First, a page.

Occasionally in a family farming partnership, there may come a time when the existing partnership structure is no longer deemed appropriate to accommodate the changing dynamics of the family. For example, siblings may want to farm independently or provide an opportunity for their children to join the business. This can create a scenario where the family farm(s) may need to be divided and the original partnership dissolved.
In other instances, the partnership may continue but the landholdings are rearranged simply to rationalise the ownership of the land and to make it easier to deal with in the future.
The rearrangement of landholdings may be facilitated by the “exchange of joint interests” legislation, details of which includes the following:
- An exchange of joint interests is chargeable to Capital Gains Tax (CGT) – even when no money changes hands.
- However, a form of rollover relief is available in certain circumstances to facilitate rearrangements of landholdings (TCGA 1992/s248A).
- The amount of relief given will depend on whether or not the interests exchanged are of equal value.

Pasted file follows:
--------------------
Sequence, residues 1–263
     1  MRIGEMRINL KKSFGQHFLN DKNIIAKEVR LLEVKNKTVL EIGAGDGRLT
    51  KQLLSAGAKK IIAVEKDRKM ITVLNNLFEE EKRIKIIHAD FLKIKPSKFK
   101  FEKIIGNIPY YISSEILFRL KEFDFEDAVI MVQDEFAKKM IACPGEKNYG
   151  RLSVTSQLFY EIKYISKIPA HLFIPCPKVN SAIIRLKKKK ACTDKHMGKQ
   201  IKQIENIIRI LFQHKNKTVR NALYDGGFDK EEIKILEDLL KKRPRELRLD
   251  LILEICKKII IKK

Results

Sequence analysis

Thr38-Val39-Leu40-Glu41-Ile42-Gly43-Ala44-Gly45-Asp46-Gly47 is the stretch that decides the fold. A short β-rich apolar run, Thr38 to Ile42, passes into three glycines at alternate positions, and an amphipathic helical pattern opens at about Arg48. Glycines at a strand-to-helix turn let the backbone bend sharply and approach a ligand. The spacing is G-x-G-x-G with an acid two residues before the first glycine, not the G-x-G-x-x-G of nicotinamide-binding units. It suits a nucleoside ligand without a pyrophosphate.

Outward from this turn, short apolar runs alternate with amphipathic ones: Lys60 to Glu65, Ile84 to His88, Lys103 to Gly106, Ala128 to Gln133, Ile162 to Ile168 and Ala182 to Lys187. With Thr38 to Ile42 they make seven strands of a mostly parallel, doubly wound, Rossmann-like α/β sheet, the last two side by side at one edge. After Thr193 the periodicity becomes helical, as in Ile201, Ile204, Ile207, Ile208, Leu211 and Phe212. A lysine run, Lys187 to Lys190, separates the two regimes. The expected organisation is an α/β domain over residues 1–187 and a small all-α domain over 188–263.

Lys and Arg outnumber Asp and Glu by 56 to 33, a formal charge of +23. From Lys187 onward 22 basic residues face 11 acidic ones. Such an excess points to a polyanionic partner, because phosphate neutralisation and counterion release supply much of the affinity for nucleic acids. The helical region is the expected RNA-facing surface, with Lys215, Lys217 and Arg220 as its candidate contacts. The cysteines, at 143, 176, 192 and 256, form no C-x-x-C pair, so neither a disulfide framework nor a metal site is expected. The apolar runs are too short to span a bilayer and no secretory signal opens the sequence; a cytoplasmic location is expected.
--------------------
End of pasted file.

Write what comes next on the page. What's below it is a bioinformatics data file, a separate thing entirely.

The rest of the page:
- Where the value of the deemed consideration for the disposal of a relinquished interest is equal to or less than the market value of that interest – there is deemed to be no capital gain or loss.
- Where the value of the deemed consideration for the disposal of a relinquished interest exceeds the market value of that interest – CGT is payable on the excess value.
For this purpose, the deemed consideration for the disposal is taken to be the market value of the interest acquired.
A + B jointly owns two parcels of land – Parcel 1 valued at £400 and Parcel 2 at £600.
They exchange their joint interests in both parcels. ‘A’ receives Parcel 1 and ‘B’ receives Parcel 2.
‘A’ has relinquished his half interest in Parcel 2 for a consideration of £200 (the value of a half interest acquired in Parcel 1). This is less than the market value of the relinquished interest of £300 therefore deemed to be no gain no loss.
‘B’ has relinquished his half interest in Parcel 1 for a consideration of £300 (the value of a half interest acquired in Parcel 2). This exceeds the market value of the relinquished interest of £200 therefore CGT is chargeable on the excess – £100.
- Exchange of Joint Interests legislation excludes dwellings occupied by joint owners as private residences (excluded land – TCGA 1992/s248C).
- Separate relief can be granted for the exchange of joint interests in private residences (TCGA 1992/s248E).
- There should be no CGT on exchange of joint interests in private residences even if the values are unequal.
However, the value of land exchanged, excluding private residences, will need to be equal to avoid a CGT charge:
The tax rules surrounding partnership dissolutions and exchange of joint interests can be very complicated and specialist advice should be taken. If you would like any further information regarding the above, please do not hesitate to contact a member of our agricultural team.